KEARSAGE REGIONAL SCHOOL DISTRICT TITLE I PLAN
Using assessments in consort with the state assessment, describe how you will determine student and program success. You must include the following: How you will identify students who may be at-risk for reading failure or who are having difficulty reading? How you will determine individual student success? How you will assist in the diagnosis of students to impact teaching and learning in the classroom? How you will measure/review and analyze your program’s effectiveness?
A multi-criteria needs assessment is used to rate students to determine eligibility for receiving services funded by the Title I program. The criteria to rate students are included on the attached rank order sample lists for all schools in both reading and math. Once initial order is concluded, a secondary assessment will be completed for students that fall on the bubble by Title I and school staff reviewing each student individually to determine the neediest and those to be offered service. All students will be progress monitored at regular intervals to determine on-going need for appropriate academic response and will be exited from program when they have made adequate progress aligned with current grade level expectations.
Describe if you will use of other indicators to determine student or program success (i.e.: dropout rates, attendance, truancy, enrollment in post-secondary, involvement in after school activities, attitude changes, etc.).
Title I services must be shown to "add value" to the instructional program provided to all students by general funds. In this provision the district, if it so chooses can mandate the minimum amount of time each student would receive Title I support and maximum staff-student ratios. In doing so, each of its Title I schools must abide by those parameters. Describe how your Title I program provides services “above and beyond” the general curriculum.
Title I services will be provided in reading and mathematics to students identified as needing additional support to supplement the regular program provided for all students. Planning for instruction will be carried out by Title I personnel in collaboration with classroom teachers to insure that the remedial services will support and augment the regular program. Students will be provided one to one or small group support during individual or group work time in the classroom. The individual differentiated instruction will support and not replace the instruction received by other students.
Describe how your Title I program will coordinate with other programs (SPED, Even Start, Head Start, Reading First, Adult Education, Service Learning, etc.) and work with special populations ( SPED, LEP, migrant, homeless, neglected or delinquent children, etc.) to reduce duplication and fragmentation and increase collaboration between the programs.Is there coordination with services to prepare students for transition from school to school?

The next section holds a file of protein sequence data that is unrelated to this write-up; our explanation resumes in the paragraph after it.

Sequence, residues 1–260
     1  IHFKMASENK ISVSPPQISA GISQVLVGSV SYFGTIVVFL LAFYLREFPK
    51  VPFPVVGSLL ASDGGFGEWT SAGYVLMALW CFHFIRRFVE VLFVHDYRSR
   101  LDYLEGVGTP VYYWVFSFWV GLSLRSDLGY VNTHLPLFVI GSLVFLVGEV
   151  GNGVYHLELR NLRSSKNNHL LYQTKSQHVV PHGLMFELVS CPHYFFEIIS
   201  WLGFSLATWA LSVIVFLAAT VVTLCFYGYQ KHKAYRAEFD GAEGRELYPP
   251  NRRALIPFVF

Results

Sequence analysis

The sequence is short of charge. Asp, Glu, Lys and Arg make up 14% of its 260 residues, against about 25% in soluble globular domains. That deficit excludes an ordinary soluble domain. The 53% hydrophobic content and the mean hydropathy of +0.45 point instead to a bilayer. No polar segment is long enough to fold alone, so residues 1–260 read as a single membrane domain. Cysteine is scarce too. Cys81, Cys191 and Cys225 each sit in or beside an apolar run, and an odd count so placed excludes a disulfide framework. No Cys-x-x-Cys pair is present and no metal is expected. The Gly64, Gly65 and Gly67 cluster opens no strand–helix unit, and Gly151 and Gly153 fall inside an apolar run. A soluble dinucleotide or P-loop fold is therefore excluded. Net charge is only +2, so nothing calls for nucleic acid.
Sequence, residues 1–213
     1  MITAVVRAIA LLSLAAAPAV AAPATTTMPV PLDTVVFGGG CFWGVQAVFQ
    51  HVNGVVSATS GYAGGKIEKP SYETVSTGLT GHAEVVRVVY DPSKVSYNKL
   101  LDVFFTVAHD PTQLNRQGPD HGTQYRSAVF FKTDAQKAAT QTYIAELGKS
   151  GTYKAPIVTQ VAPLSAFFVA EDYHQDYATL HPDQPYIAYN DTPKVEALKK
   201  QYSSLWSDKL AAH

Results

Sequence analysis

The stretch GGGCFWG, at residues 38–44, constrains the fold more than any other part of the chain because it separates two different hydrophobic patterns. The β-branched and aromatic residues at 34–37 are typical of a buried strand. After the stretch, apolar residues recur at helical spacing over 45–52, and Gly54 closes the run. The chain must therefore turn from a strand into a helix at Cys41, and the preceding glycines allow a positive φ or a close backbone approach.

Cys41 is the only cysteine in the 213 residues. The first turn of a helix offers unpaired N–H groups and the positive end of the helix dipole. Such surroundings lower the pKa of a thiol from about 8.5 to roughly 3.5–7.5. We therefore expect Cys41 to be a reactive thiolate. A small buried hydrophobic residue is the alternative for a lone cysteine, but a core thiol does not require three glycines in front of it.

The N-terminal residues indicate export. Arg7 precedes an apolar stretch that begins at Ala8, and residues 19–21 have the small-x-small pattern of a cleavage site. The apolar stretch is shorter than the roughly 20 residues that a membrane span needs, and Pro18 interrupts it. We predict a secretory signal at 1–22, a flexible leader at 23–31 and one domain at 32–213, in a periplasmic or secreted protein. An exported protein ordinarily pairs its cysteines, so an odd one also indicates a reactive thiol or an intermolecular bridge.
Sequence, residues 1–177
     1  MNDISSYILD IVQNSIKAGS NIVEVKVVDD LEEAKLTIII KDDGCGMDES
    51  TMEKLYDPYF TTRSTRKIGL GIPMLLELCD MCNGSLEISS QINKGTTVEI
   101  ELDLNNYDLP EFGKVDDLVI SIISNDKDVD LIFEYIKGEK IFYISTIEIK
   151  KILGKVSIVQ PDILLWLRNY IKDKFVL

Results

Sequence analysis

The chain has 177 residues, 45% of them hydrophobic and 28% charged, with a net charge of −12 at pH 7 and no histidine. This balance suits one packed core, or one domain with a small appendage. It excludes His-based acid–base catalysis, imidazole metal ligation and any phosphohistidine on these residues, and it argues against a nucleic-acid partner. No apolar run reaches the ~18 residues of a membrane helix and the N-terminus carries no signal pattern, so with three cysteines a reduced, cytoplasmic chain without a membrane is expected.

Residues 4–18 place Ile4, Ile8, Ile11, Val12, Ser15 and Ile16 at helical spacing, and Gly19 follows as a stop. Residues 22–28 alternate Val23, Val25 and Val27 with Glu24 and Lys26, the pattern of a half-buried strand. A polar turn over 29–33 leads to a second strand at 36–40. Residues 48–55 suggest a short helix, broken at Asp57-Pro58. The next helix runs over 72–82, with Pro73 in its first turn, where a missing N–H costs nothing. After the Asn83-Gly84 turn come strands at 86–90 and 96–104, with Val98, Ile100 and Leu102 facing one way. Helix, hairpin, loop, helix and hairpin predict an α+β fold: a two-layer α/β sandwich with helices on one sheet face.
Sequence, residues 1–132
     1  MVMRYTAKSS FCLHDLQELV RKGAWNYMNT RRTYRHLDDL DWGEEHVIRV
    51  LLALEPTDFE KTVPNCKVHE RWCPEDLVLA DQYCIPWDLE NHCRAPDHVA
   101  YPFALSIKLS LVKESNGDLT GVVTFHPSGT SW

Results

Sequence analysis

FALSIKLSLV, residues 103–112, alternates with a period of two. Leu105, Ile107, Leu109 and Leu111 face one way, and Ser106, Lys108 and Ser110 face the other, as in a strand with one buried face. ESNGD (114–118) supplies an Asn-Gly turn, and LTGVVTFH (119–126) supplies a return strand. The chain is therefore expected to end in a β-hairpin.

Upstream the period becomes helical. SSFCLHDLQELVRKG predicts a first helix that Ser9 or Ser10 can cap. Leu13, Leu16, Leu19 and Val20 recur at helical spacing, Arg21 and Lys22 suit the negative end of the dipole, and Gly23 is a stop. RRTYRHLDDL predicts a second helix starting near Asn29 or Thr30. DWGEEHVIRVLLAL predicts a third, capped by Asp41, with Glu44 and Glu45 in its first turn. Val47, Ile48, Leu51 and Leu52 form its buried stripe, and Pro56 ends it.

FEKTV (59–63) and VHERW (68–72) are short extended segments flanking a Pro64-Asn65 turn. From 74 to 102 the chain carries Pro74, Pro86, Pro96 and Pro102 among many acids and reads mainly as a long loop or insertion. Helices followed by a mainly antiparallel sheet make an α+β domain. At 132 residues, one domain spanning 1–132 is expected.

The Title staff meet at regularly scheduled times with district regular and special education staff as well as their own monthly PLC , attend student assistance team meetings when appropriate. The Student Services Coordinator also oversees Special Education and is the District Homeless Liaison who is responsible for the effective collaboration of all programs. Students have a step up day at the end of each school year for grade and school. Title I teachers from both schools discuss transitioning students at end and beginning of school years and throughout as needed in their weekly PLC's.
How do you identify the pool of educationally deprived students (those students failing, or at-risk of failing to meet the state standards); and select the most academically needy of that population in all of your targeted assistance schools. All criteria used must be educational in nature.
A multi-criteria needs assessment is used to rate students to determine eligibility for receiving services funded by the Title I programs. The criteria to rate students are included on the attached rank order sample lists in both reading and math. Once initial order is concluded, a secondary assessment will be completed for students that fall on the bubble by Title I and school staff reviewing each student individually to determine the neediest and those to be offered service. Homeless and Migrant students will automatically qualify regardless of the date they enter school, and, in accordance with Every Child Succeeds Act of 2015 Foster Youth and Juvenile Justice Provisions, any students in this target group will also be monitored to determine need for academic response.
If the district is using any Title I dollars to support or run a preschool program, describe in detail the goals, size, and activities of the program.
Targeted Assistance Schools: All teachers and instructional paraprofessionals paid out of Title I funds must meet the highly qualified requirements. Do all applicable staff meet this requirement?
Describe how the LEA will coordinate with Title II-A to provide high quality professional development; support the activities outlined in the parent involvement section; and support Title I staff and teachers of Title I students to be better able to meet their students’ educational needs.
We do not typically fund professional development through Title I as interventionists PD needs are met through funds allocated in TIIA and by the District. Should we fund a workshop or conference, it would be to specifically support the Title I student. The intervention programs that we currently use have embedded professional development and point-of-use support into every lesson with clear steps for easily and effectively managed teaching. Money is set aside for Parental Involvement contracted services should parents vote to have an outside presenter during the year. Two Title I family nights are offered annually that support parental professional development in reading and math and are provided to parents by our Title I staff.